Lawfare and UK Court System
Published date : 20 January, 2022
I congratulate the right hon. Member for Haltemprice and Howden (Mr Davis) on securing this fascinating and crucial debate and the right hon. Member for Birmingham, Hodge Hill (Liam Byrne), who is not currently in his place, on his work to bring it to the House so quickly and persuade others to contribute. I also congratulate the hon. Member for Poplar and Limehouse (Apsana Begum) and thank her for sharing her very compelling personal testimony about how she has personally been on the receiving end of many of the bullying tactics that we have heard about this afternoon.
The golden thread running through our discussion is that freedom of expression is one of our core values. People should have the freedom to say what they think, to share information and ideas, and to challenge received wisdom and the behaviour of others. It does not come as an unalloyed freedom, however: we place limits on freedom of expression. People are not entirely free of its consequences, nor should they be. We quite rightly allow recourse through our legal systems to those who have been defamed through people’s use of freedom of expression, so that redress may be sought appropriately.
It is often said quite cynically that the Ritz hotel is open to all, just like the law courts. The truth is that, yes, the law courts are open to all, but it can be ruinously expensive to resort to law, whether for the more routine transactions we make in our lifetime or for going to court to seek a remedy for defamation. It is well beyond most people’s reach even if matters do not get to court.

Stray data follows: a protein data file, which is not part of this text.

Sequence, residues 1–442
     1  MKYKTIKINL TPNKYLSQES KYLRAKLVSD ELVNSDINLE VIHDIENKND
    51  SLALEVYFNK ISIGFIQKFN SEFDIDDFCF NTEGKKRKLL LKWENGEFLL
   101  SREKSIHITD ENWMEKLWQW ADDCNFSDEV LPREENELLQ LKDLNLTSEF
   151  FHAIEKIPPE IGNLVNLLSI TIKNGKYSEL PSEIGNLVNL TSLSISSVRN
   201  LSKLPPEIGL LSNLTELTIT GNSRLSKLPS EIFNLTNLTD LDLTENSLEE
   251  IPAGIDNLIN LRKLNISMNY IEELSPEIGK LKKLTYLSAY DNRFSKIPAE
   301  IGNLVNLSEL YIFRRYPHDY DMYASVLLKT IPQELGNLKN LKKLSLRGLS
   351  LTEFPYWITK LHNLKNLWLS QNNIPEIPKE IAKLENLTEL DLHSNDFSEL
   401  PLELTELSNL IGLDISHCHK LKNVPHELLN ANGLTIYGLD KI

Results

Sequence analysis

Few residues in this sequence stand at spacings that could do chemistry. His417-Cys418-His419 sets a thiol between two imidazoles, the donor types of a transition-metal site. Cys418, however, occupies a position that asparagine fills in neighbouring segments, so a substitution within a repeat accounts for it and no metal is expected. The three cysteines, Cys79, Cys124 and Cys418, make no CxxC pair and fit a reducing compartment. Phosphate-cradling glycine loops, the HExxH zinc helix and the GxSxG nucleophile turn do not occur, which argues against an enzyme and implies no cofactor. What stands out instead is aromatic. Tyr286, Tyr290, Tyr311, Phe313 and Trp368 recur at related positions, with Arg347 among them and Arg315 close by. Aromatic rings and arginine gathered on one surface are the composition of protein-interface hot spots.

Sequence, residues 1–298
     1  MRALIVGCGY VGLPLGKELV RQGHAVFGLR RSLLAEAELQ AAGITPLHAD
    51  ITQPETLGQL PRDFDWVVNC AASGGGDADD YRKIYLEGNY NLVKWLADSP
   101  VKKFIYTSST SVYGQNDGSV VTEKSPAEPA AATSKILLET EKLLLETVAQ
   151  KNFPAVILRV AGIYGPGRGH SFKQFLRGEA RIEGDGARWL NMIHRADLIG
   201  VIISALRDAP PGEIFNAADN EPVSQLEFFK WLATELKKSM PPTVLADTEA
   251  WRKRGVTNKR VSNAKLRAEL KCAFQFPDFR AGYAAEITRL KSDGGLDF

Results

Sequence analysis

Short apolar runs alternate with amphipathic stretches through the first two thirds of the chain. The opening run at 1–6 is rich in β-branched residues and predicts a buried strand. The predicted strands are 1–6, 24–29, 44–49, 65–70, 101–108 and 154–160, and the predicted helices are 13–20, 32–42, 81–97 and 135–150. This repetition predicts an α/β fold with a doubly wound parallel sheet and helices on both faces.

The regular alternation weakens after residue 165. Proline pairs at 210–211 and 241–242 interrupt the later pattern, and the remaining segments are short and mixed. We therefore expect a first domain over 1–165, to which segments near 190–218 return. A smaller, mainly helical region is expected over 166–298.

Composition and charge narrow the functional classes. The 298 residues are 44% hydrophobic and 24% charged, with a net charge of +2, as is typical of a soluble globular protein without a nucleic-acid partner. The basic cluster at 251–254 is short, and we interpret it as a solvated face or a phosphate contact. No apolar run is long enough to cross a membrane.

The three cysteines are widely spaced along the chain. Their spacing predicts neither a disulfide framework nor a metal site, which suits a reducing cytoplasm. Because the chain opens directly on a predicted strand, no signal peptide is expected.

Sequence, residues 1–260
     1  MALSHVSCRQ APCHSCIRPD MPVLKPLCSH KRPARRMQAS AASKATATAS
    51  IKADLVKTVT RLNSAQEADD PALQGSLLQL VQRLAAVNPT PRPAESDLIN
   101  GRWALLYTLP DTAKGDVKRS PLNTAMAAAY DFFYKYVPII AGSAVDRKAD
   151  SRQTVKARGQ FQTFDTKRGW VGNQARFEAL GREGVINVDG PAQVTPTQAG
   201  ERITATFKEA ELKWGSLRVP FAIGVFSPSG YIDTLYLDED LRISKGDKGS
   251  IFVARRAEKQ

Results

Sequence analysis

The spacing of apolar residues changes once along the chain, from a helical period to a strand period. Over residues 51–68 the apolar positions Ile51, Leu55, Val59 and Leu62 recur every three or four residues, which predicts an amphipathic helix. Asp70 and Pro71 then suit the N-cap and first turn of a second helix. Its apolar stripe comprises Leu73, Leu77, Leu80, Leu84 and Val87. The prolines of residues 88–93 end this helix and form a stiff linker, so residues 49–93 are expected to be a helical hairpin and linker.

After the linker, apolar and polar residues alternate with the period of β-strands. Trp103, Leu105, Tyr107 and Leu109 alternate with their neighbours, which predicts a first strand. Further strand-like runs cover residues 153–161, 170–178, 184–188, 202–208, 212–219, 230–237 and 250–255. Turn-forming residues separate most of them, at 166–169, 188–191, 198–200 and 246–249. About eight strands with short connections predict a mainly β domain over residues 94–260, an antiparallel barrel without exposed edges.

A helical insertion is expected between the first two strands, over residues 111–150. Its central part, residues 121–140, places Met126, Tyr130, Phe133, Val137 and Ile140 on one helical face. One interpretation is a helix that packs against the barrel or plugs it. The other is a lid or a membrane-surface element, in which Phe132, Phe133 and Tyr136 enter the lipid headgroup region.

Thankfully, the Scottish courts have never been a very popular destination for libel tourism. There are doubtless many reasons for that, but I suspect that the lower costs of some—I emphasise “some”—Scottish lawyers and the often lower rewards for successful defamation actions have played a role. Unfortunately, the same cannot be said for the courts in England, which are increasingly becoming the venue for David and Goliath struggles and actions, or simply the threats of actions, that allow the powerful and the wealthy, whether they are from the UK or elsewhere, to silence, intimidate, cow, browbeat and otherwise silence anyone with something to say, with information to share or with criticisms that run counter to the interests of those wealthy and powerful people. London already has a highly unenviable reputation as the launderette for much of the world’s dirty money and, through its burgeoning public relation and public affairs industry and the comparative accessibility of the courts to those with enough money and financial stamina to make use of them, it is sadly also increasingly becoming a launderette for the sullied reputations of individuals and their corporate entities.
The best courts are the ones that serve the population best in terms of accessibility, fairness of process, transparency, consistency and the justice of the outcome. That is the sort of legal system we should be looking to